Japan rushes to avert meltdown
A Japan Air Self-Defense Force CH-47 Chinook helicopter collects water from the ocean to drop on the reactors at the Fukushima Daiichi nuclear plant in Fukushima March 17, 2011.
Petroleumworld.com, Mar 17, 2011
Japan ese military helicopters dumped water on an overheating nuclear plant on Thursday while the United States expressed growing alarm about leaking radiation and said it was sending aircraft to help Americans leave the country.
Engineers tried to run power from the main grid to fire up water pumps needed to cool two reactors and spent fuel rods considered to pose the biggest risk of spewing radioactivity into the atmosphere.
While Japanese officials scrambled with a patchwork of fixes, the top U.S. nuclear regulator warned that the cooling pool for spent fuel rods at reactor No.4 may have run dry and another was leaking.
Gregory Jaczko, head of the Nuclear Regulatory Commission, told a parliamentary hearing that radiation levels around the cooling pool were extremely high, posing deadly risks for workers still toiling in the wreckage of the earthquake-shattered power plant.
"It would be very difficult for emergency workers to get near the reactors. The doses they could experience would potentially be lethal doses in a very short period of time," he said in Washington.
The plant operator said it believed the No.4 reactor spent-fuel pool still had water as of Wednesday, and made clear its priority was the spent-fuel pool at the No.3 reactor. On Thursday morning alone, military helicopters dumped around 30 tonnes of water, all aimed at this reactor.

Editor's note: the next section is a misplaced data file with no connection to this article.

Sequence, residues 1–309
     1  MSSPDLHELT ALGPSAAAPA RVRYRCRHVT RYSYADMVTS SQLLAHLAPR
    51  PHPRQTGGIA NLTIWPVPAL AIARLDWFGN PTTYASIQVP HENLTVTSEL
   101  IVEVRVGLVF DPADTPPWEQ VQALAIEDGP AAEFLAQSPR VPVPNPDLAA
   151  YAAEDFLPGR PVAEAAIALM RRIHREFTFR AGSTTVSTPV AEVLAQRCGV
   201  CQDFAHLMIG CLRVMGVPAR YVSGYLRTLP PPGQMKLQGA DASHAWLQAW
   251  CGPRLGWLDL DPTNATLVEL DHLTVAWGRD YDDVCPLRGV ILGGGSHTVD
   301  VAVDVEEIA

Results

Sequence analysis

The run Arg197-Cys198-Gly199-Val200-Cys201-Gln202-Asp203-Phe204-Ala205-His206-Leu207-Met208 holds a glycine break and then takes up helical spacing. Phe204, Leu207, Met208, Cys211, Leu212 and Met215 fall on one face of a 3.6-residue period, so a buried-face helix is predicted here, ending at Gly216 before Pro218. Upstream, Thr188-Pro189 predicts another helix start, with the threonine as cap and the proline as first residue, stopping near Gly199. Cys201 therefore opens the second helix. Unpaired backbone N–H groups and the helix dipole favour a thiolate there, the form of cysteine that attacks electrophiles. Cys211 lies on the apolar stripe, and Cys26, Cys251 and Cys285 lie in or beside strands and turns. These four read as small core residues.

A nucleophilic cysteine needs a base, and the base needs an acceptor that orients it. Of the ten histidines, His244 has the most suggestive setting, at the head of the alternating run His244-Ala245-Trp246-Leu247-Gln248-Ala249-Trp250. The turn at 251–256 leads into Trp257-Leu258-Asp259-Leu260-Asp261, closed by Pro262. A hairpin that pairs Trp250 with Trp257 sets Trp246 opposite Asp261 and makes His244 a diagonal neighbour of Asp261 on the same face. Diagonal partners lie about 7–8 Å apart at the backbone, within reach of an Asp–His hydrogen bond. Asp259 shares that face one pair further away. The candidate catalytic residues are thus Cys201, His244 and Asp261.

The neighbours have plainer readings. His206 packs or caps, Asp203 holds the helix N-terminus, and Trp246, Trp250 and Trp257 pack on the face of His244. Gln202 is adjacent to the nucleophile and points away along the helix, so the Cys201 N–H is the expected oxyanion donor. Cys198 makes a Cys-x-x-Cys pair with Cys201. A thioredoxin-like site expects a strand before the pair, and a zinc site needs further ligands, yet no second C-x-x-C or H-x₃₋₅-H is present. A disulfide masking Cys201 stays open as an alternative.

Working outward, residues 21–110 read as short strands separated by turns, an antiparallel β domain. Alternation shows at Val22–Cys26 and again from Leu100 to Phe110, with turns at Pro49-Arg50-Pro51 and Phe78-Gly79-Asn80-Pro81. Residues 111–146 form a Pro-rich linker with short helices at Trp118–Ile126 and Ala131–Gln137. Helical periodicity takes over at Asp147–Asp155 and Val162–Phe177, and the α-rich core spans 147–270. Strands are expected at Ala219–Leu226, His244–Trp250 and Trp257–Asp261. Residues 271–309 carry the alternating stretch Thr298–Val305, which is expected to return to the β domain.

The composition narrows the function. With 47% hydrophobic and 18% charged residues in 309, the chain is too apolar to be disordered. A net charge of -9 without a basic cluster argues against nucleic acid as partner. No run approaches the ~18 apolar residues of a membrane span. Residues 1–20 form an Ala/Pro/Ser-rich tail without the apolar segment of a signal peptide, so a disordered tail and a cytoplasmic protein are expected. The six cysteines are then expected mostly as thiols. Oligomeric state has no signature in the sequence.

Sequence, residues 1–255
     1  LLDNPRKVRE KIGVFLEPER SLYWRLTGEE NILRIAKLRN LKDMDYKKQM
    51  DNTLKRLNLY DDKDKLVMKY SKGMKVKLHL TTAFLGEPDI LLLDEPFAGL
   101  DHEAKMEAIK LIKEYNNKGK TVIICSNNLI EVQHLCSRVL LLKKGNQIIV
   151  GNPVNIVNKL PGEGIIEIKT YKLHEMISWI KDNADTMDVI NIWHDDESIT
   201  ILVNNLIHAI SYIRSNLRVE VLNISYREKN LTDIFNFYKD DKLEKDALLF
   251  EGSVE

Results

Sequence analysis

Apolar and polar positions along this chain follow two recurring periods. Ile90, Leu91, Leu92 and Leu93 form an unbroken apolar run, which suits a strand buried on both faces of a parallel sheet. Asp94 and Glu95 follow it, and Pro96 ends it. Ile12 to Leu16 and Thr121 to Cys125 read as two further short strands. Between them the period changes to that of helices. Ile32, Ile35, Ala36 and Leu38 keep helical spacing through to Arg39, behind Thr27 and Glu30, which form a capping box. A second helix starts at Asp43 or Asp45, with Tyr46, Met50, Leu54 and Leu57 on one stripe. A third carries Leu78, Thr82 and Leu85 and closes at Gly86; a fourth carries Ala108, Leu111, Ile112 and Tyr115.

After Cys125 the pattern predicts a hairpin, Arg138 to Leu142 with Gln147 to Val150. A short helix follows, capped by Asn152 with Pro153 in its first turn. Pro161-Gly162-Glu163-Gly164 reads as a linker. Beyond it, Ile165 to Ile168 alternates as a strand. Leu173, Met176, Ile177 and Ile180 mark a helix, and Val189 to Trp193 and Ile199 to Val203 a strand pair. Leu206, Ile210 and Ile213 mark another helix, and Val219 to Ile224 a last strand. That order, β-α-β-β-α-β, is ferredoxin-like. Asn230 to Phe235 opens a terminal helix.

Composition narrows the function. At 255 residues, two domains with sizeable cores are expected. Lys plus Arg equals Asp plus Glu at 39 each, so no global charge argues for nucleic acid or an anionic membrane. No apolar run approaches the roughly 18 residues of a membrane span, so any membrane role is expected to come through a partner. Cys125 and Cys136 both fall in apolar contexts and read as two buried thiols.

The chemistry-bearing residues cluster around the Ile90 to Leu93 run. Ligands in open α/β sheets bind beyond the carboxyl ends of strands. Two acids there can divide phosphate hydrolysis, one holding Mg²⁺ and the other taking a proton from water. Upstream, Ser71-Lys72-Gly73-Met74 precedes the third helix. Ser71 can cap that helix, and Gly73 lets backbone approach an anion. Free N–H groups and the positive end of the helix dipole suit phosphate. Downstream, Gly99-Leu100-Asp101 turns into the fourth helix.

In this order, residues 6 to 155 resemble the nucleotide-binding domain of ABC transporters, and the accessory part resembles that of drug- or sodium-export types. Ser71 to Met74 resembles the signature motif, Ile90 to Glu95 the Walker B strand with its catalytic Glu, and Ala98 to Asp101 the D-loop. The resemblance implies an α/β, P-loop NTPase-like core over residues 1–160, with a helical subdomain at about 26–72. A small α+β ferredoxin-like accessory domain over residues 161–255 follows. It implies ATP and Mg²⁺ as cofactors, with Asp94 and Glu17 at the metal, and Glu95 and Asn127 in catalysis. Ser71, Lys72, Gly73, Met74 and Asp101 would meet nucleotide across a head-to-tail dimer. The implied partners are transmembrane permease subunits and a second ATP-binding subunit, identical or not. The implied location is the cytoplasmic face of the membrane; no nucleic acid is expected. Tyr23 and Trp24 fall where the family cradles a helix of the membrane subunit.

Inside the complex, torn apart by four explosions since a 9.0-magnitude earthquake and tsunami hit last Friday, workers in protective suits and using makeshift lighting tried to monitor what was going on inside the six reactors. They have been working in short shifts to minimize radiation exposure.
U.S. officials took pains not to criticize the Japanese government, which has shown signs of being overwhelmed by the crisis, but Washington's actions indicated a divide with its close ally about the perilousness of the situation.
"The worst-case scenario doesn't bear mentioning and the best-case scenario keeps getting worse," Perpetual Investments said in a note on the crisis.
Japan said the United States would fly a high-altitude drone over the stricken complex to gauge the situation, and had offered to send nuclear experts.
A State Department official said flights would be laid on for Americans to leave, and family of embassy staff had been authorized to leave if they wanted.
Health experts said panic over radiation leaks from the Daiichi plant, around 240 km (150 miles) north of Tokyo, was diverting attention from other life-threatening risks facing survivors of last Friday's earthquake and tsunami, such as cold, heavy snow in parts and access to fresh water.
The latest images from the nuclear plant showed severe damage to some of the buildings after the four explosions. Two of the buildings were a mangled mix of steel and concrete.
Sebastian Pflugbeil, president of the private German-based Society for Radiation Protection, said Japan's efforts to pull the Fukushima plant back from the brink signaled "the beginning of the catastrophic phase."
"Maybe we have to pray," he said, adding that a wind blowing any nuclear fallout east into the Pacific would limit any damage for Japan's 127 million people in case of a meltdown or other releases, for instance from spent fuel storage pools.
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